We are besieged by commentary in the battle over the humanities curriculum in higher education—do we need more emphasis?, do we need less?, is it all about jobs?, is it all about competency in a skill set?, what about critical thinking?, what about making good citizens?, what about the pursuit of meaning in life?, etc., etc.
Partly in response to all of this, the American Academy of Arts and Sciences formed the Commission on the Humanities and Social Sciences, co-chaired by Duke University President Richard Brodhead and retired Exelon CEO John Rowe and comprised of a blue-ribbon group of 50 scholars, business executives, lawyers, judges, university presidents, and cultural celebrities. After over two years of careful study, the report of the Commission, named “The Heart of the Matter”, was released in June. It contains some interesting and useful recommendations for reviving interest in the study of the humanities. For example, the creation of a “Culture Corps” in communities across the country to convey humanistic expertise and interest to the next generation, a concept, incidentally, that G. K Chesterton believed was the central purpose of education.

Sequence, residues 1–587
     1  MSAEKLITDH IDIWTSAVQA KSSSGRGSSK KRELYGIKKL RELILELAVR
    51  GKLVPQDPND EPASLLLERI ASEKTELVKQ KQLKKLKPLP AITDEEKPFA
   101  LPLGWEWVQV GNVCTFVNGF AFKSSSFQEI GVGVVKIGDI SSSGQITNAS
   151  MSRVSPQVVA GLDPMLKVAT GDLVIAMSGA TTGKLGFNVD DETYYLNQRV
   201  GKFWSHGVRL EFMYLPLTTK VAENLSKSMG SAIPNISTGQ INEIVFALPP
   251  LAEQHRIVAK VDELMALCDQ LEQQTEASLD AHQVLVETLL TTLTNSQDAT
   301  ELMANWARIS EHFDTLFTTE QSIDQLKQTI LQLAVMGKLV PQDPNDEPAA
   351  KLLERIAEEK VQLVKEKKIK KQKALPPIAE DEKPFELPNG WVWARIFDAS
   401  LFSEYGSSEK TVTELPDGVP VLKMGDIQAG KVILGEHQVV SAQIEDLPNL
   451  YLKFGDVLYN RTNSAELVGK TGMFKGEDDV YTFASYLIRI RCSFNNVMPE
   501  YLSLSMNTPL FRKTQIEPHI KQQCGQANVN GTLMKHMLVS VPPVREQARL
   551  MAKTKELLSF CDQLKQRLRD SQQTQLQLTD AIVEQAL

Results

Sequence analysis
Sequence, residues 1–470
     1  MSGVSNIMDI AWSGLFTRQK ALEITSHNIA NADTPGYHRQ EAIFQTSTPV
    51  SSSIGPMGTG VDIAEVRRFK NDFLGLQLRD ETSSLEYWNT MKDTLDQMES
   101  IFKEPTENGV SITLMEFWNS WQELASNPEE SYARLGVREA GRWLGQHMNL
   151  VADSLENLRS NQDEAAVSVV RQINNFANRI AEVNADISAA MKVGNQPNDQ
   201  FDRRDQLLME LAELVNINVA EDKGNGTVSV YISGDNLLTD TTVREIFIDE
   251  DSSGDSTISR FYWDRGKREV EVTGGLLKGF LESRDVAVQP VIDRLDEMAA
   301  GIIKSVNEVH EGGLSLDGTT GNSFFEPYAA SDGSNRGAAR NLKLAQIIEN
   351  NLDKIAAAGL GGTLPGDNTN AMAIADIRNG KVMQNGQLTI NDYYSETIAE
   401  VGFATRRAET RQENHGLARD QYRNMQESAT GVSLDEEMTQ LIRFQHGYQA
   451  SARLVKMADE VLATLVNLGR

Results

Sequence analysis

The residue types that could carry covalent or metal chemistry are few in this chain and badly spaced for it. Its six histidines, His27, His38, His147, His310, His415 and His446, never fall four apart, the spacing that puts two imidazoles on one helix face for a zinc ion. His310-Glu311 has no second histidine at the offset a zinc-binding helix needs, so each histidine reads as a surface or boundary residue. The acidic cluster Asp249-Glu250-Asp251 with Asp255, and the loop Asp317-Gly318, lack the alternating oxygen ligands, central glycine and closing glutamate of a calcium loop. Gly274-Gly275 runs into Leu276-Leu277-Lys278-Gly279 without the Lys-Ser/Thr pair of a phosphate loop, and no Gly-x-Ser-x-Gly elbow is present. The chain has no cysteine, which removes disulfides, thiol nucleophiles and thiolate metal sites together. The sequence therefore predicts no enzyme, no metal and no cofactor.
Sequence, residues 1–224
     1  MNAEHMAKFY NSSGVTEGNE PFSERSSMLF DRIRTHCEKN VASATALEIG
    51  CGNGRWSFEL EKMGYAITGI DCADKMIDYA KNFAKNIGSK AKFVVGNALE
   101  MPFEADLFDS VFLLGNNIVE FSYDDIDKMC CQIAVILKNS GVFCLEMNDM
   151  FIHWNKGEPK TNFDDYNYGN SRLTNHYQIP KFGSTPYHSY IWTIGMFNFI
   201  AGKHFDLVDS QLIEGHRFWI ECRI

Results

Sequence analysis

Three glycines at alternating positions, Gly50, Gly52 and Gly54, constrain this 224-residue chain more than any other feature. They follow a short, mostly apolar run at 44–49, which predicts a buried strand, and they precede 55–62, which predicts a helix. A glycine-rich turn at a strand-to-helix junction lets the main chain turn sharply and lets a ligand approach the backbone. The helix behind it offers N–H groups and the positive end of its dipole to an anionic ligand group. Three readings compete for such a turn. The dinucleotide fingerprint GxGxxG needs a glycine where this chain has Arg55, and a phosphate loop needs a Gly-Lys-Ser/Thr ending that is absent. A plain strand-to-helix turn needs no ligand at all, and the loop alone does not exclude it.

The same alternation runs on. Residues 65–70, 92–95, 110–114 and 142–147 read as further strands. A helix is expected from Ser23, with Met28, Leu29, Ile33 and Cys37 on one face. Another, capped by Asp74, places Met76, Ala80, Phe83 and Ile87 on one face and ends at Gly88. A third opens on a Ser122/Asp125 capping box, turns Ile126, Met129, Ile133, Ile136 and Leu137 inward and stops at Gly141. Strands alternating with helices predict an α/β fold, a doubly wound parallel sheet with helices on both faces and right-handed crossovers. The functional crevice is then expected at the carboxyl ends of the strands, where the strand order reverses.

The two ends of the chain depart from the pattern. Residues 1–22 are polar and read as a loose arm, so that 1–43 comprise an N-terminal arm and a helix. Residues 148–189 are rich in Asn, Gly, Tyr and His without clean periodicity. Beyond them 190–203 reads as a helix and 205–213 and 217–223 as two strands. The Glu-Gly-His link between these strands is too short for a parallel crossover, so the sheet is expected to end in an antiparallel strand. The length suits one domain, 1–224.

But nowhere in the report was the recognition that the major deficiency in what now passes for the study of the humanities is the denigration over the past several decades of its core intellectual foundation in Western Civilization. As noted by Peter Berkowitz, the report never really gets to “the heart of the matter”, which is the illiberal nature of liberal education at our leading colleges and universities.
In a recent essay in the Wall Street Journal, Jonathan Jacobs, Chairman of the Department of Philosophy at John Jay College of Criminal Justice has this to say:
The primary concern shouldn’t be how American students rank in international science and math scores (though that is certainly relevant). It is whether the U. S. can be a prosperous, pluralistic democracy if higher education fails to require students to think, inquire, and explain. A liberal democracy requires a certain kind of civic culture, one in which citizens understand its distinctive principles and strive to preserve them.
And over 50 years ago, Leo Strauss delivered an address entitled “What is Liberal Education?” In it, he said:
Liberal education is the counter poison to mass culture, to the corroding effects of mass culture, to its inherent tendency to produce nothing but “specialists without spirit or vision and voluptuaries without heart.” Liberal education is the ladder by which we try to ascend from mass democracy to democracy as originally meant. Liberal education is the necessary endeavor to found an aristocracy within democratic mass society. Liberal education reminds those members of a mass democracy who have ears to hear, of human greatness.
We need much more of this, properly understood, not less.